Jessica (Hawaii), Maddie (The Dominican Republic), Kayla (Scotland), and Carol (Ecuador)
And just like that, this little baby-doll-mama grew into a young woman who travels to far off places without her own mama.
And in the blink of an eye she also became a critical thinker, a fierce debater, a lover of Christ, and a defender of people. She became a loyal friend, a loving sister, and a witty one, too.
Should the U.S. Government Significantly Alter its Entitlement Programs?
She had a lot to do leading up to this trip. Not only did she have to memorize Shakespeare lines, write a thousand word history essay (in advance), complete her logic, math, chemistry, Spanish, and prepare for a policy debate, but she also had to babysit, volunteer at church, catch up on thank you notes, shop, and pack.
Tough Cross-Examination by fellow Questie (and another fierce debater!), Jessica.
She handled it all with diligence and grace, and hardly needed her Mom or Dad at all.
Notice the game, Catch Phrase? Kayla always brings the fun. Always.
"Hey, Kory! Our Quest backpacks are exactly the same! It's like we're related or something."

Those left-handed check marks are also marks of her independence and initiative. She did her packing. Not me. She made sure the list was complete. There was no prodding and reminding on my end. I've actually always been impressed with her self-motivation and overall responsibility. She is so much more mature and tuned in to what life requires than I was at that age. In many ways, I still trail behind her.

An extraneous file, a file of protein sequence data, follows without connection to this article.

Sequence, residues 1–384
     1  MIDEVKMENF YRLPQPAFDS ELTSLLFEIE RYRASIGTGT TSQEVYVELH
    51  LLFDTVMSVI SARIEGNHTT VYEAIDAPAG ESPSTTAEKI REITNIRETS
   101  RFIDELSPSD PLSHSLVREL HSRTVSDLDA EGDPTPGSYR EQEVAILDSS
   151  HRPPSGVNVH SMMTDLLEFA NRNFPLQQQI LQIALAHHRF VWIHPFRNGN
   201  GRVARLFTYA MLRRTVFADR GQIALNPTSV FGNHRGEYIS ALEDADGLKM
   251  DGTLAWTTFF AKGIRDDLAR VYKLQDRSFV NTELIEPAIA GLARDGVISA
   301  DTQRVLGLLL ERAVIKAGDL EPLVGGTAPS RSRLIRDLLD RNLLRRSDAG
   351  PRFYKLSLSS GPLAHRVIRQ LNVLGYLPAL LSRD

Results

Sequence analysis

But don't worry, she does have a few glaring issues that we're still working on. Last week I counted 13 empty mugs and glasses in her bedroom. THIRTEEN. Many of them had dried up tea bags inside. She balked at my counting of her empty-mug sins, but I stood my ground and insisted upon repentance. After the mug issue improves, maybe we can work on the knee deep layer of clothing that typically covers every square inch of her room.😉

But I've heard that semi-chaotic, less than organized living conditions are signs of creativity, and let me tell you, Kayla's got  many more signs than that.  The girl is truly an artist. Here are just a couple of examples. (There are so many more, but these were easy to access!)